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Rough Chaff (Achyranthes aspera) - Health Benefits, Medicinal Properties, Uses, Dosage

rough chaf natural herbs

Botanical Name: Achyranthes Aspera

Indian Name: Chirchita

Origin, Distribution and Composition

Rough chaff is an erect and stiff annual herb which grows densely upto 50 cm in length. It has numerous branches; almost round and slightly ribbed stem, light green or light pink in colour and covered with short, stiff and slightly rough hair. Its branches have thorns which are pointed downwards. The leaves of the plant are simple, egg-shaped and green. The flowers are small and face downwards. Old flowers are found at the bottom and fresh ones on the upper portion.

The herb occurs in temperate and sub-tropical Himalayas from Kishtwar to Sikkim and Khasi hills at 1200 to 1820 metres, Bihar, Konkan, Nilgiris and Travancore hills. Its seeds and the dried plant are available with grocers and dealers of raw drugs throughout India.

The ash of the herb contains a high proportion of potash and is an antacid. It is an important constituent of alkaline medicine which is useful in counteracting acidity.

Healing Power and Curative Properties

Rough chaff is one of the important herbs used by villagers in preparing mixed greens. The leaves are tasteless but assume a mild bitter taste after cooking. They also have soft cellulose.


Rough chaff is used to treat asthma. The method prescribed in Ayurveda is as follows. The leaves of the plant should be plucked in pitch darkness with no light on the plant at the rime of plucking. This is because the presence of light destroys the curative effect of the leaves. After plucking, 25 grams of the leaves are ground with two grams of black pepper on a stone. Six pills are made of the paste which are dried in a dark room the same night. The asthma patient has to take one pill with water on the ninth night of the second half of the lunar month, and continue to follow the procedure for 6 days upto new moon day.


The ash of the herb, mixed with honey, is used for coughs. A mixture of the ash and 4 times its weight of water should Ix: allowed to stand for 24 hours. The residue obtained by evaporating the supernatant or upper layers of the liquid is the well-known Ayurvedic prepartion aghada khara. It is taken in doses of 6 to 12 centigrams for relieving coughs.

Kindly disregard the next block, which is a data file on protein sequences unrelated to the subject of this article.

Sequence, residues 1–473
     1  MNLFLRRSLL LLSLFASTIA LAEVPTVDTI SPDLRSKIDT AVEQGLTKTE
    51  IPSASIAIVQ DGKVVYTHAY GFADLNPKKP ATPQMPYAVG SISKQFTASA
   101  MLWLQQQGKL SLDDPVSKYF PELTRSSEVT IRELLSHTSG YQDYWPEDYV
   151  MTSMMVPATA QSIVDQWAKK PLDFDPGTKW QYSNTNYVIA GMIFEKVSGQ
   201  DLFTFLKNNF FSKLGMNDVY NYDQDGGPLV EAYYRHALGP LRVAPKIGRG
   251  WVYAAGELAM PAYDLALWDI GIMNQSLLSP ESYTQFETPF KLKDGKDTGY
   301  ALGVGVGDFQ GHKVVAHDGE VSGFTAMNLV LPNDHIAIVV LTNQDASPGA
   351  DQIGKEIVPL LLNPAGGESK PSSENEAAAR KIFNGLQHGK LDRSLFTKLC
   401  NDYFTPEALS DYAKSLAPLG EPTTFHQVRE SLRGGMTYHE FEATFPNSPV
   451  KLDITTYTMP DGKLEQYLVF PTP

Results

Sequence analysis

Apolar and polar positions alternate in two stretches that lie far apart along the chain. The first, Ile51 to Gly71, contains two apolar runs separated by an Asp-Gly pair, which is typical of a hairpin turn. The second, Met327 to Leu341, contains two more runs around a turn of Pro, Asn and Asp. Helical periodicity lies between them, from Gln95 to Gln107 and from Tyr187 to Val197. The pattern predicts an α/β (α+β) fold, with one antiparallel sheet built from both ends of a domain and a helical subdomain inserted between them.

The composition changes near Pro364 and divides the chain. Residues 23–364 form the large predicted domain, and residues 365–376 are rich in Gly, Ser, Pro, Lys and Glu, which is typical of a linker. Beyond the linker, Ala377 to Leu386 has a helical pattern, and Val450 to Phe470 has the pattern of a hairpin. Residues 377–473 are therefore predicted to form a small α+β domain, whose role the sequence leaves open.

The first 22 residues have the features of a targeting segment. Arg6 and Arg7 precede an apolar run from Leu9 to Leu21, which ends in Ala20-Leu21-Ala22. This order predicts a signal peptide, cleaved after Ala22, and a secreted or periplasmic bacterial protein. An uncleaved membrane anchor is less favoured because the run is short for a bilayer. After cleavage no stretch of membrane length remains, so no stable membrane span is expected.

Spleen Enlargement

The herb is specific for spleen enlargement. The powder of the plant is used in 25 gram doses twice daily with a little beaten curd. This brings good results in 3 or 4 weeks.


The powdered root of the herb is very useful in cholera. About 6 grams of the powder should be mixed with water and taken.

Renal Dropsy

A decoction of the plant is beneficial in renal dropsy as it increases the secretion and discharge of urine. This decoction is prepared by boiling 60 grams of the plant in 1!?O mI of water for 20 to 30 minutes. About 30 to 60 grams of this strained mixture should be taken twice or thrice daily.

Stomach Disorders

The juice of the leaves is valuable in stomach disorders like stomach ache, bowel complaints and piles. A decotion of the powdered leaves, mixed with honey or sugar candy is useful in the early stages of diarrhoea and dysentery.


This is a condition of excessive menstrual bleeding. The drug is useful in arresting secretion or bleeding. It is therefore valuable in abnormally excessive menstruation. An infusion of the herb should be used in treating this condition.

Skin Problems

The leaves of rough chaff are useful in cuts and wounds from sharp-edged weapons like knives and blades. Juice of a few leaves of the plant is used to thoroughly soak the wound. A leaf should be wrapped and bandaged over it. It heals within a day or two with a single application. An ointment made of the ash of the herb with orpiment is used for clearing warts and ulcers.

Eye Disorders

The root of the herb is useful for eye-disorders. A paste of the roots with water can be applied beneficially in opthalmia and opacity of the cornea.

Insect Bites

A paste of the leaves made with water has proved effective in treating bites of poisonous insects'- wasps, bees etc. It should be applied externally over the affected parts.

Precautions: It is advisable for pregnant women to take the juice of the herb in small doses, as large doses may hasten labour pains or cause abortion.

Other Uses

Easy Delivery: Rough chaff seeds are useful in facilitating easy and painless delivery. The seeds are ground well in water to prepare a fine paste, and applied on the navel, pubis and vulva.